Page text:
Friday, July 01, 2005

Race and Education in Philadelphia

The Philadelphia Public School Notebook is an excellent source of information on the School District. Their summer report (found here) on racial inequities in the District is very interesting.

It is an analysis of new demographic data released by the District. The Notebook article finds that there are still “persistent inequities in resources and achievement” based on race in the Philadelphia's schools.

Among other important facts mentioned in the article is this:
A 2003 study conducted by Research for Action found that over a three-year period, gaps in the percentage of uncertified teachers between the District’s predominantly nonwhite schools and schools with more White students had actually widened. A recent analysis updating these trends found that gaps in certification, turnover rates, and teacher experience persist.

School CEO Paul Vallas is implementing an array of new programs, which he argues will “lift all boats,” but take a look at this article and see how much more slowly progress has been achieved for students of color.

3 Comments:

At 11:05 AM, Blogger Dan_Is_a_Troll said...

You ever think people of color get tired of having their problems always made just about that, color? Ain't no difference between growing up in a trailer park or an urban neighborhood. Goto a trailer-park dominated school district, they have the same problems.

 
At 9:58 PM, Blogger DanielUA said...

Education policy is not something I know a lot about, so take everything I say with a grain of salt.

First, the acheivment gap here, and nationally, is problemtatic. Even in well heeled, suburban school districts, there are similar problems.

Why?

Well, I guess that is the big question, and does not have a short answer. But, I think it has to do with a lot of things. I guess I would want to hear what Vallas has to say about it. But we have a real good news bad news thing here: all scores for all kids are going up, a wonderful thing. But, the gap is growing, which is pretty damn disheartening.

As for the specific comparisons between the years, it is in many ways a litle hard to compare the acheivment gaps, because we also do not know the other factors, besides race. IE, it seems like there are indications, whether from job or housing data, that indicates Philly is becoming more stratified. Potentially, that could be what we are seeing here.

Also troubling, from the same article, is simply the level of segregation in our schools, which is only growing and growing. At an educational level, integration has failed. And given that all races still live within resonably close proximity to each other, and that Philadephia has a healthy mix of backgrounds, it is truly disturbing how many schools are only one color.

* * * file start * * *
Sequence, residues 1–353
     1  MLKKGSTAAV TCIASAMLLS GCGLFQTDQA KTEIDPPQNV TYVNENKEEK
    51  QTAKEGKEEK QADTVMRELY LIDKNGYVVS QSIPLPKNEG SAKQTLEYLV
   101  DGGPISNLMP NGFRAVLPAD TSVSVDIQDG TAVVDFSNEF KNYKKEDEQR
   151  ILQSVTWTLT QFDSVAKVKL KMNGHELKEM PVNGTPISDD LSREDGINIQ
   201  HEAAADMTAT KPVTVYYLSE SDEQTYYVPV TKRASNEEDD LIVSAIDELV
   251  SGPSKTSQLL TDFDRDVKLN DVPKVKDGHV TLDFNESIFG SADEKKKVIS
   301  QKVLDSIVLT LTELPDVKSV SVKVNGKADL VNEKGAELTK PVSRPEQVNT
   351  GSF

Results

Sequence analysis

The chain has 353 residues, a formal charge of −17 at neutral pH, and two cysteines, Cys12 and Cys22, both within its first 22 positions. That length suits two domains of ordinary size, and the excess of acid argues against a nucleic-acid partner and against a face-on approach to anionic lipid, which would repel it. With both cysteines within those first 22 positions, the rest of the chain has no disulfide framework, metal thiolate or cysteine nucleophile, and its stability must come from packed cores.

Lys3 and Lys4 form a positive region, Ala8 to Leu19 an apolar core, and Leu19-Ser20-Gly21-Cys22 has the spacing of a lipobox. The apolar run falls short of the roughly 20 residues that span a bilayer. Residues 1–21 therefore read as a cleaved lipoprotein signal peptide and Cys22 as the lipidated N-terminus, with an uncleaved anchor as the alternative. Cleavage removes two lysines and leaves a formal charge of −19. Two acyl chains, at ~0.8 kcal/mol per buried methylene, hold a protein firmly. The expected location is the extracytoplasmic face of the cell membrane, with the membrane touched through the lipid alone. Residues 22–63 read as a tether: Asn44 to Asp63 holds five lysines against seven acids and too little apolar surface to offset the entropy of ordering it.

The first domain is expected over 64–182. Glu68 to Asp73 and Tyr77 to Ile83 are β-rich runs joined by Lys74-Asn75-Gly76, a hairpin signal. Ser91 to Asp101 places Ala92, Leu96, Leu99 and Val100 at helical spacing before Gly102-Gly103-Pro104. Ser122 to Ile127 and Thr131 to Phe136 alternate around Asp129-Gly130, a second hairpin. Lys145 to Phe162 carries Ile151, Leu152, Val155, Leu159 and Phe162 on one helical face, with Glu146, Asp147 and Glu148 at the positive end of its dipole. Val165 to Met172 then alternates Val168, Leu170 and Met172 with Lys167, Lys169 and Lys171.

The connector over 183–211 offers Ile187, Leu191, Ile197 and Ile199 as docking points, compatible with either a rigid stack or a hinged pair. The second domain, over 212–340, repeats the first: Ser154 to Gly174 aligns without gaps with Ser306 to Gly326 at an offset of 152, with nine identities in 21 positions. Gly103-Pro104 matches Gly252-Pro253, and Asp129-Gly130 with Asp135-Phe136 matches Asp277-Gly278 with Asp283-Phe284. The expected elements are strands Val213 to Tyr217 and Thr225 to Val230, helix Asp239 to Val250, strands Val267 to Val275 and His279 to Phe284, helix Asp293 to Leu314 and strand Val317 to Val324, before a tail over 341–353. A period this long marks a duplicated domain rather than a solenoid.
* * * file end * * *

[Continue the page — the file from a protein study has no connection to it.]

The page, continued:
And, of course there is the money issue, and, it is a sad commentary that under the administration of a Governor who ran using pretty transformative language about education funding, that the gap in spending is getting worse and worse.

 
At 9:24 PM, Blogger Dumplingeater said...

Regarding all scores going up for all kids being a wonderful thing:

I wouldn't say that test scores going up is a bad thing per se, but I am very leery about making assumptions based on test scores as a measure of anything particularly valuable. As an educator, I strongly feel that at best standardized testing is a symptom of many of the problems with our educational system; However, at worst, standardized testing is the one of the single most pedagogically destructive aspects of our educational system. This is not the place for a more detailed diatribe about the evil of standardized testing, but I will say that it is one of the features of our schools that enables them to essentially function as a sorting system that ultimately only perpetuates the status quo of our social class structure. Other measures, such as the racial stratification and disproportionate and insufficient funding mentioned in the posts and the referenced article, are far more valid means for evaluating progress. The fact that Vallas and other figureheads elevate test scores above others as a valid tool for measuring educational progress, and in fact view raising test scores as a primary goal unto itself, should be viewed very skeptically.

 

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